26, 1953. Fidel Castro leads 158 men to attack Fort Moncada, in Santiago de
Cuba, the island’s second largest military installation. Flashback. 1860. John
Brown’s raiders hit Harper’s Ferry. Brown, like Castro, lost the battle. Both of
these visionaries or madmen planned to distribute arms to their collaborators.
Both Brown and Castro believed that a dramatic military victory would inspire
partisans to rise up and overthrow slavery or, in Castro’s case, the Batista
achieved his goal posthumously when, three years later, Lincoln emancipated the
slaves. In 1954, Castro, on trial for rebellion, declared: "Sentence me. It
doesn’t matter. History Will Absolve Me." On July 26, as Cubans celebrate
the 47th anniversary of the attack on Moncada, has history absolved Fidel? I
would say the Cuban Revolution was a success. Note the past tense. Why?
achieved the primary goal of the Cuban Revolution, which really began in 1868
when Cubans fought their first war for independence against Spain. In 1895,
Cubans tried again, but the United States intervened before they could defeat
the Spaniards. In 1932, yet another Cuban revolt fizzled. Finally, in January
1959, five and a half years after the Moncada fiasco, Fidel’s guerrillas
overthrew the US-backed military dictatorship, and then, with serendipitous aid
from the Soviet Union, they built a nation. Fidel led Cubans into the mainstream
of modern history. For three decades, Cubans danced on the world stage. They
made their mark in world art, literature, and science. Cubans won more Olympic
gold medals than major European powers and regularly beat the US baseball team
in the Pan American games. Cuba boasts health and literacy rates that should
make third world leaders drool. And Cuban troops altered the destiny of Namibia,
Angola, and South Africa when they defeated of South African troops in Angola in
the 1987-88 battles of Cuito Cuanavale. Nelson Mandela himself acknowledged the
South African majority’s debt to Cuba when he embraced Fidel at his presidential
July 26th Cubans who understand the meaning of that initial attack on Moncada
will pay tribute to Fidel’s ruthless determination, a will and a vision that has
allowed him and the Cuban revolution to survive nine US presidents over almost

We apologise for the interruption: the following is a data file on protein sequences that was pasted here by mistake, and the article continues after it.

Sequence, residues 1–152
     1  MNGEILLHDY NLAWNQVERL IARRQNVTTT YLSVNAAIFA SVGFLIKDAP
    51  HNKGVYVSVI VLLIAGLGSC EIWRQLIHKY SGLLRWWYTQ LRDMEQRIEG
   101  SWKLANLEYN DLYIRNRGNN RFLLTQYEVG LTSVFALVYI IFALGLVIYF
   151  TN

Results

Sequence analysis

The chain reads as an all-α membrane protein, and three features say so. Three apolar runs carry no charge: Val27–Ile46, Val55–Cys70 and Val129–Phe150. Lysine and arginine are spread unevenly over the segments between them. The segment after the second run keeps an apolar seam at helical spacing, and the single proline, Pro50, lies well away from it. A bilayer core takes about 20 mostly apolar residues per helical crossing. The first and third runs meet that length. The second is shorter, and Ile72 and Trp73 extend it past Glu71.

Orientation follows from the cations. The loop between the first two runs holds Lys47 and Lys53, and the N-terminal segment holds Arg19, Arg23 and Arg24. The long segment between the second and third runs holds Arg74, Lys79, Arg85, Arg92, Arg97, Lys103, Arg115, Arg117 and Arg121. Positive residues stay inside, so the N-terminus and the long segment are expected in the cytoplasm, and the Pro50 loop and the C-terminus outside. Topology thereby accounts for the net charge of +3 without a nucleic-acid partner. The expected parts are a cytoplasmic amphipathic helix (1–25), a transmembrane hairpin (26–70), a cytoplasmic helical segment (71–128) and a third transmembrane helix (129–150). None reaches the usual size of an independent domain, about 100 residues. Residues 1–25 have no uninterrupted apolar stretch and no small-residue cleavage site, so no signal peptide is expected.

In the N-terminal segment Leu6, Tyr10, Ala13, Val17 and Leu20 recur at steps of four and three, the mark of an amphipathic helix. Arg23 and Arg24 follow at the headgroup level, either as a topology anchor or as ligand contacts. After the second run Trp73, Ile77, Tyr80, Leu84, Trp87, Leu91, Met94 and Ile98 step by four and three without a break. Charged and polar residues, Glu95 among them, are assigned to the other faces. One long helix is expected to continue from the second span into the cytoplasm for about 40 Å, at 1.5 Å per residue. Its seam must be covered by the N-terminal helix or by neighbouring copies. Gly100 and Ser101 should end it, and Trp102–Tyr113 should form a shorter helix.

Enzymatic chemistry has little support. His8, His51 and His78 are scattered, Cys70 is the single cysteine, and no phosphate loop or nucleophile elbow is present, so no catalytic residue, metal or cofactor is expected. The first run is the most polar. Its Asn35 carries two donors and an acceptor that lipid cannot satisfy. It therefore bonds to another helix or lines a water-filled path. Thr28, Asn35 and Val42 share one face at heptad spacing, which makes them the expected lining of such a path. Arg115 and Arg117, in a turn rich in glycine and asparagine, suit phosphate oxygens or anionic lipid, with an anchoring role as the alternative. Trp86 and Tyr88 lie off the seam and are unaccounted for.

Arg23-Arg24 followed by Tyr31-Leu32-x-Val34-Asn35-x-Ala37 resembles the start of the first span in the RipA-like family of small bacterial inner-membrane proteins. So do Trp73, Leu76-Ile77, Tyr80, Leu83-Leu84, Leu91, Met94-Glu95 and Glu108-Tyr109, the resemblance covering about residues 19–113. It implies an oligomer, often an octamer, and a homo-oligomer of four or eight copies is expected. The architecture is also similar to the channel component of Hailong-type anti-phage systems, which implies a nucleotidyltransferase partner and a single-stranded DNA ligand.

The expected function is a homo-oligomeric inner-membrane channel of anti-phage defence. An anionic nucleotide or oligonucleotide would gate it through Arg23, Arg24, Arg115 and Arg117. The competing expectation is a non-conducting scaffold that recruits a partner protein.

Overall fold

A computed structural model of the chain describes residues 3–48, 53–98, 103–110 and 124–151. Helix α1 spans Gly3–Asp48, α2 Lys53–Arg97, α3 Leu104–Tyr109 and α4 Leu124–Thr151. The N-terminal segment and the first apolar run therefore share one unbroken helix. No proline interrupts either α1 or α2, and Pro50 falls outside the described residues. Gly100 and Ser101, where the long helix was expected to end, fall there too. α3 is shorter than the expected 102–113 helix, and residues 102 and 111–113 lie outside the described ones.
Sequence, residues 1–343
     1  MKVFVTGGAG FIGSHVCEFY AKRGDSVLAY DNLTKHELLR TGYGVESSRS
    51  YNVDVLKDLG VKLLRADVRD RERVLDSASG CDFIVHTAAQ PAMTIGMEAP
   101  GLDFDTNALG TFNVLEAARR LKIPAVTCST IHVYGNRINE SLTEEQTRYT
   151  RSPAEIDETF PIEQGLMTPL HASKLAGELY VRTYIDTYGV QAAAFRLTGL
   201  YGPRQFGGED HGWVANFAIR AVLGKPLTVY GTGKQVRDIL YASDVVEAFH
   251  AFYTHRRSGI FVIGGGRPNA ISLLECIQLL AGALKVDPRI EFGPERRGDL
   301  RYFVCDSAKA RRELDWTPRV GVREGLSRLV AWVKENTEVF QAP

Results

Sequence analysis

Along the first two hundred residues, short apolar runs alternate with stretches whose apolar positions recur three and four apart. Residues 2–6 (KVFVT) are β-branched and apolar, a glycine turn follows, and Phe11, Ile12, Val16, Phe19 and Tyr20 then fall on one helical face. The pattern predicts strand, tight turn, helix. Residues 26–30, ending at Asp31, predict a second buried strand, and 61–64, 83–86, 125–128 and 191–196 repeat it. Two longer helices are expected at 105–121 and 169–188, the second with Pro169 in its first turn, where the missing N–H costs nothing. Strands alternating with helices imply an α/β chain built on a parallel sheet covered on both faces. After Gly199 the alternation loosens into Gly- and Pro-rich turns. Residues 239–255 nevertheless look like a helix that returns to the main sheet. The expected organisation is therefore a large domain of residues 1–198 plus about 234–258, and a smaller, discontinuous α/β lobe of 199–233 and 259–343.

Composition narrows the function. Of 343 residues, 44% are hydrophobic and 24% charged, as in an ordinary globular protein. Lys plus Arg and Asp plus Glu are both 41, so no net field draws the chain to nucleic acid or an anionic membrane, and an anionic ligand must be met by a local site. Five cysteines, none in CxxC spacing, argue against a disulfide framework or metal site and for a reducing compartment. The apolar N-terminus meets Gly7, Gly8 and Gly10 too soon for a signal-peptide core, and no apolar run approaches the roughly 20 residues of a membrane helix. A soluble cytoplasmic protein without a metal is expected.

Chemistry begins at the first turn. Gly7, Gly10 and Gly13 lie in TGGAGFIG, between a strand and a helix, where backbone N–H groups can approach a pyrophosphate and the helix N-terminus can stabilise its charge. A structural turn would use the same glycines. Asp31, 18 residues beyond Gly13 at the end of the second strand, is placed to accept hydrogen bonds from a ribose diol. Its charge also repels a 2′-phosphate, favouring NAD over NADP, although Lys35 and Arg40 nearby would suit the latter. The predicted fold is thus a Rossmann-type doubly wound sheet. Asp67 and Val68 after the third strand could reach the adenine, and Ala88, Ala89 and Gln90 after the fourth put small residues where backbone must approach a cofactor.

42 years of unrelenting US hostility.
without her Soviet benefactor Cuba has endured in the corporate global world.
But Cuba no longer stands as a model. Foreign investors don’t flock to Cuba,
because Cuba refuses to allow corporations to control its labor force and
environment and because US laws place obstacles in investors’ paths. But Cuba
continues to maintain its health and education systems — in a precarious
holding pattern, with no clear economic plan. Yes, the word socialism still
resonates there and the consumer society has not taken hold.
the year 2000, US imperial hostility serves Cuban leaders as a justification to
deny political freedom. The US government, which has stated that its goal is to
destroy the Cuban revolution and its leaders, fosters the dissidents in Cuba,
pays for their telephones (including cels), faxes, Xerox machines and email, and
then blithely accuses Cuba of infringing on free speech when it periodically
arrests these dissidents. Some of them are indeed brave people and have
legitimate concerns about State restrictions on liberties.
the United States continues to pursue its irrational aggression into the 21st
Century, Cubans are, for the first time, truly independent — and quite alone.
They still win Olympic Golds and excel in the arts and sciences, a tribute to
their disobedient leader and the resolve of the Cuban people who will not easily
give up the rights and dignity they have won. On July 26, 2000, unlike John
Brown, Fidel Castro’s body does not lie a "moldering in his grave."
He’s still making speeches. Saludos companero!
O. La Bounty Chair of Applied Interdisciplinary Knowledge, California State
Polytechnic University, Pomona Pomona, CA 91768 tel:909-869-3115
fax:909-869-4751 mailto:[email protected] http://www.csupomona.edu/~slandau